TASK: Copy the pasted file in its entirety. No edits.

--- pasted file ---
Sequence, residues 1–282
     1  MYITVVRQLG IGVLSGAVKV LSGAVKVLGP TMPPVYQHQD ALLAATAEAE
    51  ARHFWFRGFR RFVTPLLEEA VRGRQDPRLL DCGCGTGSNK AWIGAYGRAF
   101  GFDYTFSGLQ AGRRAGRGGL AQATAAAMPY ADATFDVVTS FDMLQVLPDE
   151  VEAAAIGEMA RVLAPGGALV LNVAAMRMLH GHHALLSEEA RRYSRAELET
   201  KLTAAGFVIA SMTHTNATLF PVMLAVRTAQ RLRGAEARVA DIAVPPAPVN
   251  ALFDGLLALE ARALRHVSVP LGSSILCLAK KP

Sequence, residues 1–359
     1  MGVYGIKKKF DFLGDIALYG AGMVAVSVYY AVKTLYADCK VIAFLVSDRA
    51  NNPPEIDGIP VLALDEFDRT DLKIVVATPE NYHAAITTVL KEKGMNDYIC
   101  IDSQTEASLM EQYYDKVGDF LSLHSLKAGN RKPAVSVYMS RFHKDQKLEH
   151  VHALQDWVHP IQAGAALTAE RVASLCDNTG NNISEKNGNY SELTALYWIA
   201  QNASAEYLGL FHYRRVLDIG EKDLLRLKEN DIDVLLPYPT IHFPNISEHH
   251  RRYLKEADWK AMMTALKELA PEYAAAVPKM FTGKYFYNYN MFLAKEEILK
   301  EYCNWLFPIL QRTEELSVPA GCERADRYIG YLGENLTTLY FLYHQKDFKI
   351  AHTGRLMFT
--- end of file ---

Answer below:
Sequence, residues 1–282
     1  MYITVVRQLG IGVLSGAVKV LSGAVKVLGP TMPPVYQHQD ALLAATAEAE
    51  ARHFWFRGFR RFVTPLLEEA VRGRQDPRLL DCGCGTGSNK AWIGAYGRAF
   101  GFDYTFSGLQ AGRRAGRGGL AQATAAAMPY ADATFDVVTS FDMLQVLPDE
   151  VEAAAIGEMA RVLAPGGALV LNVAAMRMLH GHHALLSEEA RRYSRAELET
   201  KLTAAGFVIA SMTHTNATLF PVMLAVRTAQ RLRGAEARVA DIAVPPAPVN
   251  ALFDGLLALE ARALRHVSVP LGSSILCLAK KP

Sequence, residues 1–359
     1  MGVYGIKKKF DFLGDIALYG AGMVAVSVYY AVKTLYADCK VIAFLVSDRA
    51  NNPPEIDGIP VLALDEFDRT DLKIVVATPE NYHAAITTVL KEKGMNDYIC
   101  IDSQTEASLM EQYYDKVGDF LSLHSLKAGN RKPAVSVYMS RFHKDQKLEH
   151  VHALQDWVHP IQAGAALTAE RVASLCDNTG NNISEKNGNY SELTALYWIA
   201  QNASAEYLGL FHYRRVLDIG EKDLLRLKEN DIDVLLPYPT IHFPNISEHH
   251  RRYLKEADWK AMMTALKELA PEYAAAVPKM FTGKYFYNYN MFLAKEEILK
   301  EYCNWLFPIL QRTEELSVPA GCERADRYIG YLGENLTTLY FLYHQKDFKI
   351  AHTGRLMFT